Chau: Golden State Warriors. The Lakers are still in shambles and the Blazers are somehow winning, but the Warriors are playing with home-court advantage in sight. That's a huge step up from the cycle of low-end mediocrity the team has been caught in. This is a very good team that could be even better if Andrew Bogut weren't so definitely indefinite.

Foster: Golden State Warriors. With all due respect to the Lakers' massive failures, Golden State's rise in the standings on the heels of a pretty stingy defense -- without Andrew Bogut -- was pretty unexpected. Mark Jackson has his team up from 27th in defensive efficiency last season to 12th this season, an incredible leap considering he has largely the same personnel.

McGuire: Daryl Morey went through a rough offseason, and the mismatched way the Rockets collected assets inspired some laughs. Now? His turn to laugh. Houston doesn't simply look like a good young team, the Rockets could sneak home-court advantage! In the past three weeks, they've posted an offensive rating of 112 against an above-average defensive slate. Something's cooking.

Townsend: The Lakers. They've fallen below .500 for the first time since 2004-05, the last time they missed the postseason. Mike Brown was fired after a 1-4 start in favor of Mike D'Antoni, but this "old damn team" with four potential Hall of Famers on the roster can't always keep up the pace -- and their turnover ratio is in the bottom half.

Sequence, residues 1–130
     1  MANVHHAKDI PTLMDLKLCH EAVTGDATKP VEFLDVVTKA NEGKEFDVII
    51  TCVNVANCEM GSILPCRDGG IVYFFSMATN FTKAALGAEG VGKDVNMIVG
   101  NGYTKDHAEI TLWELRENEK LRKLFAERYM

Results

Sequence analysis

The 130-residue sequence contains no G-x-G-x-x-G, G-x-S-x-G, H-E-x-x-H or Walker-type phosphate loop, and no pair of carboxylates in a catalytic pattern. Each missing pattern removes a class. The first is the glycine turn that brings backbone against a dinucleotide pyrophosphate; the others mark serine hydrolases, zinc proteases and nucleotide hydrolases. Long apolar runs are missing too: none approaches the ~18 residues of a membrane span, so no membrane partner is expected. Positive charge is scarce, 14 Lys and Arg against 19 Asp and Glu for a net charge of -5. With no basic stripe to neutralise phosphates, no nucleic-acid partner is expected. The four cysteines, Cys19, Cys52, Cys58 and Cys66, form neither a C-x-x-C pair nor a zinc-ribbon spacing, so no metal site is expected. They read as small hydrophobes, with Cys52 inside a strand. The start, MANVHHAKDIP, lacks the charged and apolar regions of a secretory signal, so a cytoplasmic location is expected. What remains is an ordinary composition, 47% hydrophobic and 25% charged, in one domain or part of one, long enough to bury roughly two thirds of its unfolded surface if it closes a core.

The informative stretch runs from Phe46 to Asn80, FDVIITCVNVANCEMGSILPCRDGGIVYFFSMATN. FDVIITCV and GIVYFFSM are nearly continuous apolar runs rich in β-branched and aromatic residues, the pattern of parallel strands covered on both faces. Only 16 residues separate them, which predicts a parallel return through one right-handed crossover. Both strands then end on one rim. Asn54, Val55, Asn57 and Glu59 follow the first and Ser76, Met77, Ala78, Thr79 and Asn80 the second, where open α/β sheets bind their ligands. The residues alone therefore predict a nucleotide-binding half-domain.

5. What bold prediction do you see coming true this season?

Abbott: Dwight Howard, Steve Nash and Andrew Bynum topped our "best newcomer" voting in the Summer Forecast. Those picks would get a D or an F about now … but things change.

Chau: Mike D'Antoni's job will be safe. He hasn't been the cure-all elixir the Lakers were hoping after the knee-jerk ousting of Mike Brown, but the team should be beyond hoping for instant remedies. The listless defense is a bigger issue. Obviously having the team's faith is important, but at some point, the onus has to be on the players.

Foster: The Houston Rockets will make the playoffs -- and win a series. Already on the brink of being dangerous with a developed style and a true star, the Rockets can launch into the Western Conference elite with one more big acquisition. Houston GM Daryl Morey certainly has the acumen and the assets to shock the league once more.

McGuire: At writing, Western teams have a combined 126-83 (60.2 percent) record over their Eastern counterparts. As the West gets healthy and the race for the playoffs (and the lottery) grows bloody, winning the easy inter-conference games becomes crucial. My bold prediction says that figure rises to 65 percent -- nearly two in three inter-conference games won by the West.

Townsend: John Wall is going to come back from injury and play better than ever. The Wizards will still be a lottery team, but Wall will give their worst-rated offense a major boost -- let's not forget he's the sixth-fastest player in NBA history to 2,000 points and 1,000 assists. Bold prediction: Wall will shoot better than 33 percent on 2-pointers beyond 10 feet.

ESPN.com and the TrueHoop Network
Henry Abbott covers the NBA for ESPN.com. Danny Chau, D.J. Foster, Aaron McGuire and John Townsend contribute to the TrueHoop Network.